The Wages Index
As stated by Moore & Maynard (2004)
“A wages index is normally employed to track changes -in the general level of the price of labour in an economy. It can be used as an indicator of variations in the standard of living of the labour force over time, and, given Barbados’ fixed exchange rate, provide an important barometer of the external competitiveness of the nation.”
The authors first introduced the new approach to update the discontinued wage index (formerly compiled by the Barbados Labour Department) in their paper entitled
“Extrapolating the Discontinued Wages Index Using Data on Collective Wage Bargaining Agreements”.
The discontinued wages index series, a Laspeyres Index, was an arithmetic mean of wages and salaries indices for hourly-paid skilled labourers in the sectors given in the below table, using a 40-hour week as the basis of calculation. Weights were based on the percentage of total employment provided by the sectors, where employment data was unavailable in the detail required the percentage contribution to GDP by the sector was used.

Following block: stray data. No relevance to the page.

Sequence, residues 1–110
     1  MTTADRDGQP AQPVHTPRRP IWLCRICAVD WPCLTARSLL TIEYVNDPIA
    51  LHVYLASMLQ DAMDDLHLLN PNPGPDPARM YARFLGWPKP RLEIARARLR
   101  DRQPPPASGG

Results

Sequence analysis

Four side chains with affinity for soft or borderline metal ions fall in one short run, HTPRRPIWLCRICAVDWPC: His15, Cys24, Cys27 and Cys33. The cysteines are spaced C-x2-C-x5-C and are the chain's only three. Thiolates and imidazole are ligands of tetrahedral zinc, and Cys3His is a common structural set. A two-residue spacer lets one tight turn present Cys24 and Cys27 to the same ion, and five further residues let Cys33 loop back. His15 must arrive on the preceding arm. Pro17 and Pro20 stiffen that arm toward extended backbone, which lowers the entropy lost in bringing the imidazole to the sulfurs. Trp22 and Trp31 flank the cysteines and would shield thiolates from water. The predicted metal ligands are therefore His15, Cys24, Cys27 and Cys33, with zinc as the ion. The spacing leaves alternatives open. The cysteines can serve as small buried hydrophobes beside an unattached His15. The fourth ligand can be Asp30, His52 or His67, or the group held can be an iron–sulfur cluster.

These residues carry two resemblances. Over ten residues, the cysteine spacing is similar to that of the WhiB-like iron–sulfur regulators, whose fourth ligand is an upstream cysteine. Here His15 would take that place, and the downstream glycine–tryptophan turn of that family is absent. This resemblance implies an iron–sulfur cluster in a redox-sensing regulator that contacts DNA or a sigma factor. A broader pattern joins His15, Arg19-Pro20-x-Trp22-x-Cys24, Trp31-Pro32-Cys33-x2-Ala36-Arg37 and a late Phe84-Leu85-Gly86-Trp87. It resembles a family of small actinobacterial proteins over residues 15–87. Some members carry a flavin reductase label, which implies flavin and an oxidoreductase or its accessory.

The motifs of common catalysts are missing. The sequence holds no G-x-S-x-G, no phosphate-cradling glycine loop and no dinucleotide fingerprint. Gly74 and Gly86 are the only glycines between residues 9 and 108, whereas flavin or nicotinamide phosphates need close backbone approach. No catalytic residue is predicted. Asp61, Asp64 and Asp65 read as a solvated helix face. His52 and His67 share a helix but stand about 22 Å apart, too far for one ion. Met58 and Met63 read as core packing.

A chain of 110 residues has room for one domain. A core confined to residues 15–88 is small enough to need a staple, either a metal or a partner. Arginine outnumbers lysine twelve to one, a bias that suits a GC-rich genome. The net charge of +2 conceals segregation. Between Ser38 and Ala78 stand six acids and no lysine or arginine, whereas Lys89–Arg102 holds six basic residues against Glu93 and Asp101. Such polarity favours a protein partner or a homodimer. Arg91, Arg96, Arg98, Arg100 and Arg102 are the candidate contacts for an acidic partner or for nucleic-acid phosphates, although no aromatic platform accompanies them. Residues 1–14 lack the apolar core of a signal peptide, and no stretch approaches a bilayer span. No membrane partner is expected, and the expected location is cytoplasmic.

The agricultural sector is represented by sugar farms.
Data was not available for garments and food for 1970. Wage index for that year is assumed to be the same as for 1971, since agreements at that time lasted for three years. No data available for chemicals for 1970-72; wages in the sector assumed constant.
As of 1985 the index was adjusted to accommodate the removal of the category domestic services. This was due to the curtailment of data collection for this category by the Labour Department in 1980 when a minimum wage of $60 per week was legislated for this category.
published in the Bank’s ECONOMIC REVIEW Vol. XXXIINo. 3 December 2005
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